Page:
Addressing the nation’s entrepreneurs and small business owners from the Old Executive Office Building in August 1986, President Ronald Reagan lightheartedly observed that, under his predecessor Jimmy Carter, “government’s view of the economy could be summed up in a few short phrases: If it moves, tax it. If it keeps moving, regulate it. And if it stops moving, subsidize it.”
Reagan’s quip and wry observation about the tendency of government to tax and regulate, rather than allow the market to operate with minimal intrusion, drew laughter from those in attendance at the White House Conference on Small Business just over 30 years ago. But the three- or four-fold increase in the tax rate on wind-energy production a handful of Wyoming lawmakers are thinking about imposing on the state’s emerging wind energy industry is no laughing matter.
Wyoming is the only state in the nation that imposes a $1 per megawatt tax specifically on power generation from wind, a distinction Republican lawmakers should not point to with any sense of pride.
For a state whose Republican-dominated Legislature routinely invokes Reagan’s legacy, this latest proposal under consideration by Wyoming’s Joint Revenue Interim Committee to impose higher taxes on an emerging industry certainly should give policymakers and voters pause.
The Power Company of Wyoming has spent nine years planning the Chokecherry and Sierra Madre Wind Energy Project near Rawlins and Sinclair in Carbon County. Construction was expected to begin this year on the $5-billion, 1,000-turbine project. When built, this project alone would generate up to 3,000 megawatts of clean energy and be the largest wind farm in North America. Just as states like Texas have seen cheaper per kilowatt-hour power for consumers as energy markets have been deregulated and additional capacity from renewable sources like wind and solar have come online, expanded energy-production capacity from Wyoming wind will help consumers, as well as the state and regional economy.
When entrepreneurs decide to invest years and billions of dollars to develop and deploy new technologies, build significant infrastructure, create hundreds of new and well-paying jobs and expand energy-production capacity in ways that meet the important goal of reducing harmful emissions, they do so hoping that tax and regulatory policy will be sufficiently predictable to allow them to earn returns on their significant capital investment.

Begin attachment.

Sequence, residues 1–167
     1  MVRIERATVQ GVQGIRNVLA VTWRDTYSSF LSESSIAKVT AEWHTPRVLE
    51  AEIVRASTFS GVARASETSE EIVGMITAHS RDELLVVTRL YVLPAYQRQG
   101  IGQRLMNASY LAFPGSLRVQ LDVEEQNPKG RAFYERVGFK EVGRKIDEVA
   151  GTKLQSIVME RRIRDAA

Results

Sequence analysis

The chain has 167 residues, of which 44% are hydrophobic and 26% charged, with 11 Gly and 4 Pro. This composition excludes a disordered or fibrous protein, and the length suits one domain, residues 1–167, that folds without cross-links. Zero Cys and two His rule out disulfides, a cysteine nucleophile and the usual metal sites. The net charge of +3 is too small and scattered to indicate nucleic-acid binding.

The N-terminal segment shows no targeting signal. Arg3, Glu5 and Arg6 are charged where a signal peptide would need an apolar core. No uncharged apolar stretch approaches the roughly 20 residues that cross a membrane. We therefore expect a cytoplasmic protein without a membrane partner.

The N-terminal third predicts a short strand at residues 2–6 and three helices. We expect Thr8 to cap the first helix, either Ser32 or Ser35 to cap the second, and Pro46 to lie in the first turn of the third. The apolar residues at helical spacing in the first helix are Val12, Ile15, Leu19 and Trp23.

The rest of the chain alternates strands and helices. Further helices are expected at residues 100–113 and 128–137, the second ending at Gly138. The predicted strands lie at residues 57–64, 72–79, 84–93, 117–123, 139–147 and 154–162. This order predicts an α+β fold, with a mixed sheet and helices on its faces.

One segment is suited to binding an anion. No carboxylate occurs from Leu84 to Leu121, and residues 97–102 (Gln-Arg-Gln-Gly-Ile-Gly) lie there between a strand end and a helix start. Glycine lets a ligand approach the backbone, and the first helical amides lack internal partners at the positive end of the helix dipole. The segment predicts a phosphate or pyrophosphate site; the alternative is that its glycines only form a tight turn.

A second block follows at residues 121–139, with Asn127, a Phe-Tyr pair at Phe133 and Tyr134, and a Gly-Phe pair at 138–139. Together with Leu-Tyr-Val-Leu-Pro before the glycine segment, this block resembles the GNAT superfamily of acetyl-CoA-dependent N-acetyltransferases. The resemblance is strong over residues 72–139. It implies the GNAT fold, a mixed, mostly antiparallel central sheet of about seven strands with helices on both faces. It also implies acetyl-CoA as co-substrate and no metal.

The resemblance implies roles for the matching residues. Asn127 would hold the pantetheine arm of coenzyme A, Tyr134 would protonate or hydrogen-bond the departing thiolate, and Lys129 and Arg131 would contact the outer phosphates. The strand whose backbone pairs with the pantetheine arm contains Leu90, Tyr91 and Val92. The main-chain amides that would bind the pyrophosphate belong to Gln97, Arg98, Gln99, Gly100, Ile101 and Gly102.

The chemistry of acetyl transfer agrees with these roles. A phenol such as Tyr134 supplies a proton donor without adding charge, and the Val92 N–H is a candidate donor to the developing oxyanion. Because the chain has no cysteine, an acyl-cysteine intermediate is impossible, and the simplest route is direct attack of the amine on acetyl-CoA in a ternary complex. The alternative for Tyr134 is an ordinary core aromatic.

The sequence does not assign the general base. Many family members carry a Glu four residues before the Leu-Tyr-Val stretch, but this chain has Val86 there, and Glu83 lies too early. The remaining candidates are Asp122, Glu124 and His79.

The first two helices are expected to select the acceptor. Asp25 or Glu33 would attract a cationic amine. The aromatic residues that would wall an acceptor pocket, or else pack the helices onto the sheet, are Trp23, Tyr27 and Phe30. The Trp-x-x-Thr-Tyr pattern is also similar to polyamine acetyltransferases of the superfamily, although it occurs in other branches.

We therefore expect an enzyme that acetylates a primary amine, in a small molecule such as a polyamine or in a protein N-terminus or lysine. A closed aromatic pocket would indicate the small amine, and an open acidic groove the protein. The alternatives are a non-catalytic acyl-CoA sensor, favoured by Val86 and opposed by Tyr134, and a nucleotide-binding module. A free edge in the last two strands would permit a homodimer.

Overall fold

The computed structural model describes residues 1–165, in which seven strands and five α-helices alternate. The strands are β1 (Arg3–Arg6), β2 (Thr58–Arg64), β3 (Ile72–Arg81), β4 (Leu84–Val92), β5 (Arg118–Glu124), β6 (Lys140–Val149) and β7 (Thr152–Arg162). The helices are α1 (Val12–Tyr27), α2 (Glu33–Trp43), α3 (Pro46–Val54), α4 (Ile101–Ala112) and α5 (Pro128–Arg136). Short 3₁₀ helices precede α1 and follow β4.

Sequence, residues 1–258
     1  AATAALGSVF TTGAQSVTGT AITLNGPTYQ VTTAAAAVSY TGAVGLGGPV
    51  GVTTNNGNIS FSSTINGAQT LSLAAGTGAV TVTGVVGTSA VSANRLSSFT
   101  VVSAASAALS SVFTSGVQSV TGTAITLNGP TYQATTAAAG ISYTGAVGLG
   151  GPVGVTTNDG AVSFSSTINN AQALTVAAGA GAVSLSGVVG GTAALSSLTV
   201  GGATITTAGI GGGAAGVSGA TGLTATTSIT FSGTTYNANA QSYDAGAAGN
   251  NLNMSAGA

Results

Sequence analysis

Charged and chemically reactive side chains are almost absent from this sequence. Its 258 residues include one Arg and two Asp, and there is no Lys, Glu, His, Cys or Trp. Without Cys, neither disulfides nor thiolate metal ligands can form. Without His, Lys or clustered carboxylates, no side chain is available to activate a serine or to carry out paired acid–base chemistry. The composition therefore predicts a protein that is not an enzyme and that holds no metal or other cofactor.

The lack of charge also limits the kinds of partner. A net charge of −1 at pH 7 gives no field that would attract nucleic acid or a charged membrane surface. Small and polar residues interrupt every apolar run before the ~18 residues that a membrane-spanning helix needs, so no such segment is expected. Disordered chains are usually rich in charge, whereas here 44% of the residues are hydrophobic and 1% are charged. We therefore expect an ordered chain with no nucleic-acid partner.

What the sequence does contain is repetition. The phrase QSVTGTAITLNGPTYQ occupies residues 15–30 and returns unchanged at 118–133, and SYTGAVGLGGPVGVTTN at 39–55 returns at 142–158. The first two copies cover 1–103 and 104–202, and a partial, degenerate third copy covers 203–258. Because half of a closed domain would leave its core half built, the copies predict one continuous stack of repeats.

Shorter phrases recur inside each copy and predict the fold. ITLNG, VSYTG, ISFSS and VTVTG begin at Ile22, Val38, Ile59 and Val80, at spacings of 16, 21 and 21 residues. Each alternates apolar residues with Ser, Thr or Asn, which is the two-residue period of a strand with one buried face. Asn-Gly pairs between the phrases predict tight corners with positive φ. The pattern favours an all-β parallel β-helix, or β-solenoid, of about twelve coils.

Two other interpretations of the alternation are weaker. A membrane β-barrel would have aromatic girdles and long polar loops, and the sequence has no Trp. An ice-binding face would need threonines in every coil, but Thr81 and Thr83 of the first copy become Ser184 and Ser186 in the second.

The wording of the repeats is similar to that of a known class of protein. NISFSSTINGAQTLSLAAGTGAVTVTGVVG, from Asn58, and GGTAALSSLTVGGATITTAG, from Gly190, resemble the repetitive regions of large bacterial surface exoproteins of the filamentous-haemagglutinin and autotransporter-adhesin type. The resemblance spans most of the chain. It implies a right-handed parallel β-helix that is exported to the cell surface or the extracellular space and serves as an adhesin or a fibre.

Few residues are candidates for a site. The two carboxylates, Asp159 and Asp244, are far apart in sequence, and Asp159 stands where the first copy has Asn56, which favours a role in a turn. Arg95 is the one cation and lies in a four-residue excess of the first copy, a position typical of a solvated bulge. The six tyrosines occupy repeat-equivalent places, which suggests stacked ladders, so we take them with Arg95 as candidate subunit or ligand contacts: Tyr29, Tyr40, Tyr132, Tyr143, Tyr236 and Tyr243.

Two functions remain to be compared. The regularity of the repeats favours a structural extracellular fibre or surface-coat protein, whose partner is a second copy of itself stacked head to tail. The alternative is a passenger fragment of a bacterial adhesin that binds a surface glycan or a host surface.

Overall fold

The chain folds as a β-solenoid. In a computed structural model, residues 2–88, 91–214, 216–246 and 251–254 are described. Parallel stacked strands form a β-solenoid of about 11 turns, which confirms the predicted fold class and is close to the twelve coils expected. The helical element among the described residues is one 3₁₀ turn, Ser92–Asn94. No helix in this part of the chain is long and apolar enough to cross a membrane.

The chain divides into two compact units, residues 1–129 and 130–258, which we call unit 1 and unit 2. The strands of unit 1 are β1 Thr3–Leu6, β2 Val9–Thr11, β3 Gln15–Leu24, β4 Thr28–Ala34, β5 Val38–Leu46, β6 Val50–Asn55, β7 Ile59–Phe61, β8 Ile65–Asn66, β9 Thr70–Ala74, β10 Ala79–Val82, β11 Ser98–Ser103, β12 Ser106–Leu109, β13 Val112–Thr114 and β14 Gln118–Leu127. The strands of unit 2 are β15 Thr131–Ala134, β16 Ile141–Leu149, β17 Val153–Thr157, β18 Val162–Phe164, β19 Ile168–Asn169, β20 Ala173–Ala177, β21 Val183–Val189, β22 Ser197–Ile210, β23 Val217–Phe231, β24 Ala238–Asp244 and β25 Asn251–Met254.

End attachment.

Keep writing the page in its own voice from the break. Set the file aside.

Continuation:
But as Power Company of Wyoming CEO Bill Miller was recently quoted by the Los Angeles Times: “Just about every legislator we’ve met with asks us, ‘You tell us how much we can tax you before we put you out of business.” That sort of question is one no business owner or entrepreneur should ever hear from his or her elected officials.
Holy Scripture records the observation that: “The wind blows wherever it pleases. You hear its sound, but you cannot tell where it comes from or where it is going.” (John 3:8, NIV). But in Wyoming, it appears certain state lawmakers have decided the sound of the wind mostly sounds like an opportunity for new tax revenue.
It makes sense for the state and federal government to impose severance taxes when oil, gas, precious metals and other minerals are permanently taken from the land. But taxing energy production from renewables like wind and solar in the same way just doesn’t make sense. Nor does it make sense to single out a specific form of energy production that has the capacity to meet consumer demand and help reduce carbon emissions, as if the punitive tax on wind energy was somehow akin to sin taxes imposed on alcohol or cigarettes.
Being the first state in the nation to impose a specific and arguably punitive tax on energy production from wind is bad enough. It discourages investment and development of cleaner forms of energy production from renewable sources. At the very least, state lawmakers should leave well enough alone and decline to pursue any plans to raise taxes on the emerging wind energy industry when the Joint Revenue Interim Committee meets in Buffalo later this week.
Photo by pedrosala